(Not necessarily in the order of preference.)
Never pithy, always wise, often funny, G.K. Chesterton is one of the best writers of any age, and, in my book, the quintessential philosopher of the modern age. And prolific! There is almost no subject that Mr. C. did not touch upon, and, though he died in 1936, I declare, I haven't found a treatise yet, whether it concerns politics or the social dilemma of the modern world, that is not spot-on today.
6. The Catholic Faith
I have the great privilege of being a cradle Catholic, raised by devout parents, a product of the Catholic School system, but I still have only barely touched the shore of the ocean that is the Catholic Church. It's as vast as the universe, but as specific as the neutrons in the cells of these fingers typing right now. It encompasses all and forgets nothing. It is God's home on earth.
They're three quarters of the landscape out here on the Colorado high prairie. And, while I'm not as big a fan of the prairies as I am of the mountains, I can't help but be amazed and entertained by the almost daily art show in the skies here.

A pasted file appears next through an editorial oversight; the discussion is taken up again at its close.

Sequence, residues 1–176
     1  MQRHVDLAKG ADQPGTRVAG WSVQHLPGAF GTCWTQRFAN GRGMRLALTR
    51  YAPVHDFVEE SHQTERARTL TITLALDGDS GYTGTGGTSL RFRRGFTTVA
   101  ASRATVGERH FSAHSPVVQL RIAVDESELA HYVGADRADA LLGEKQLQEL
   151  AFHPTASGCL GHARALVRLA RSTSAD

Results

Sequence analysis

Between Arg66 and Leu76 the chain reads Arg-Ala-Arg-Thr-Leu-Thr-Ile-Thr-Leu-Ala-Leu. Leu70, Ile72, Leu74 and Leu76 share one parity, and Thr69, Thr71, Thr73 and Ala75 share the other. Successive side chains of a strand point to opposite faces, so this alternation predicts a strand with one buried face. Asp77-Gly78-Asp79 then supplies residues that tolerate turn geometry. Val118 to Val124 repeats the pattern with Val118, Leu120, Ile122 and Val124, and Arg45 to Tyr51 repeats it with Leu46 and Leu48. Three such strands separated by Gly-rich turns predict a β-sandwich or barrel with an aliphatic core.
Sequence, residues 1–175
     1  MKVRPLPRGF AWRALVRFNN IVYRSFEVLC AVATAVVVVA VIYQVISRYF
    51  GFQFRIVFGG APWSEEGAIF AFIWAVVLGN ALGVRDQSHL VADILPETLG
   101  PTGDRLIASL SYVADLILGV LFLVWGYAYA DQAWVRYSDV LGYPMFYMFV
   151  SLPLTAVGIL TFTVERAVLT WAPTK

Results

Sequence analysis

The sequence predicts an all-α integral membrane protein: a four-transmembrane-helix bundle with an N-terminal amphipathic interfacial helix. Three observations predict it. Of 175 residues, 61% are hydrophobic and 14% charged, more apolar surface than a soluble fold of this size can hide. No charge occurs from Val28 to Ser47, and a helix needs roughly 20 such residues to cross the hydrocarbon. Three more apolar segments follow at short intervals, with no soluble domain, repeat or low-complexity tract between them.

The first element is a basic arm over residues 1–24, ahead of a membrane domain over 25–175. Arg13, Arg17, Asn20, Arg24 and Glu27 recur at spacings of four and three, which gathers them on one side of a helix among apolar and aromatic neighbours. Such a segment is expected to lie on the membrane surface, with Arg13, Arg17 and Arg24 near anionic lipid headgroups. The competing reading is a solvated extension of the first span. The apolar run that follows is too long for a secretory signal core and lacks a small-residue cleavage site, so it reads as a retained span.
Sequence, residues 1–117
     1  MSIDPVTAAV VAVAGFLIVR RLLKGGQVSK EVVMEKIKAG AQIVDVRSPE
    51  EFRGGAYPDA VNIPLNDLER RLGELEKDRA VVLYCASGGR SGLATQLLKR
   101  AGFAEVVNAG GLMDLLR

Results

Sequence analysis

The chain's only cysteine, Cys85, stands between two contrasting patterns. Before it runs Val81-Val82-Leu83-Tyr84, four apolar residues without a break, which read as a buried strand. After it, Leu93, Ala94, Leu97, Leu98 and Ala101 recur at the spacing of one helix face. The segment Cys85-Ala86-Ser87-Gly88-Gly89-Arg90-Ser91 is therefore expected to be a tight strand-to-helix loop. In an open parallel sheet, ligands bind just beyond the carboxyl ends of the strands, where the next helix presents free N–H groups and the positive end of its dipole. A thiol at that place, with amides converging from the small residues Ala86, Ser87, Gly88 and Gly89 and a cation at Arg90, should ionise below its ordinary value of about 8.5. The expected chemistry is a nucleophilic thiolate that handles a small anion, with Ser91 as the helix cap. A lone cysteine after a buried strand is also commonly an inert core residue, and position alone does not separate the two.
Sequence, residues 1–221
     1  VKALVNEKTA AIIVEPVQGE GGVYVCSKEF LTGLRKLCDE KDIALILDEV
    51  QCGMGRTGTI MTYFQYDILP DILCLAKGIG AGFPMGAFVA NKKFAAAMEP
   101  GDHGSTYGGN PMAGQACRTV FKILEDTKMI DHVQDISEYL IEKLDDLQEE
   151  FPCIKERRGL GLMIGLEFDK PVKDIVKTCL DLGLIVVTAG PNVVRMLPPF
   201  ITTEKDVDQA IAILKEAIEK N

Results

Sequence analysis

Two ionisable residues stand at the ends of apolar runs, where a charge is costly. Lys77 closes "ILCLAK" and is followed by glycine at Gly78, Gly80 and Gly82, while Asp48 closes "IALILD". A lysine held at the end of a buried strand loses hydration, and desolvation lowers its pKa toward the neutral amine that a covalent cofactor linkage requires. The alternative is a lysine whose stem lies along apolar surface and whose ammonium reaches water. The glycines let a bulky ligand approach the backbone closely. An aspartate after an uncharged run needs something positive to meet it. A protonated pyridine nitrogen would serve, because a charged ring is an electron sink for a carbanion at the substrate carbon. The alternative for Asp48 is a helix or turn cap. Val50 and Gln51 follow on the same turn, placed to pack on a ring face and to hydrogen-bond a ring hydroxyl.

What more is there to say?
(I'm finding this letter "c" way too easy... It's reminding me of taking a test in my school days when I thought for sure I must be missing some important prerequisite. You remember, the trick test where the instructions tell you to read all the questions before you begin and the last words on the test are: Never mind about taking the test. Bring your paper to my desk and go home.)
9. But, while we're on the subject of sweets, you know I can't resist this one:
10. Cassatt, Cameron, and Child
(Is it cheating or extra credit to add three here?)
But, seriously, I wouldn't want it to appear I'm only about crayons, children and chocolate! (Even though I mostly am...)
Why these three?
Mary Cassatt ~ speaks to my station in life, as well as an irresistable attraction for good visual art. I also admire her for the audacity of using only her first and last name.
Julia Margaret Cameron ~ one of the first renowned women photographers, didn't pick up a camera until she was 48 years old. I love photography and would love to learn more about it. Maybe about the time I'm 48 I'll have time to pursue it seriously...
Lydia Marie Child ~ A nineteenth century publisher of children's periodicals, domestic arts books and the author of "Over the River and Through the Woods," Child was also an early advocate for the rights of American Indians, and an all 'round dynamic and interesting lady. If I were going to write books or articles, it would be along the lines of Child's pet topics, save I would exchange her advocacy for the Indians with something more cutting edge for our times ~ advocacy of the unborn.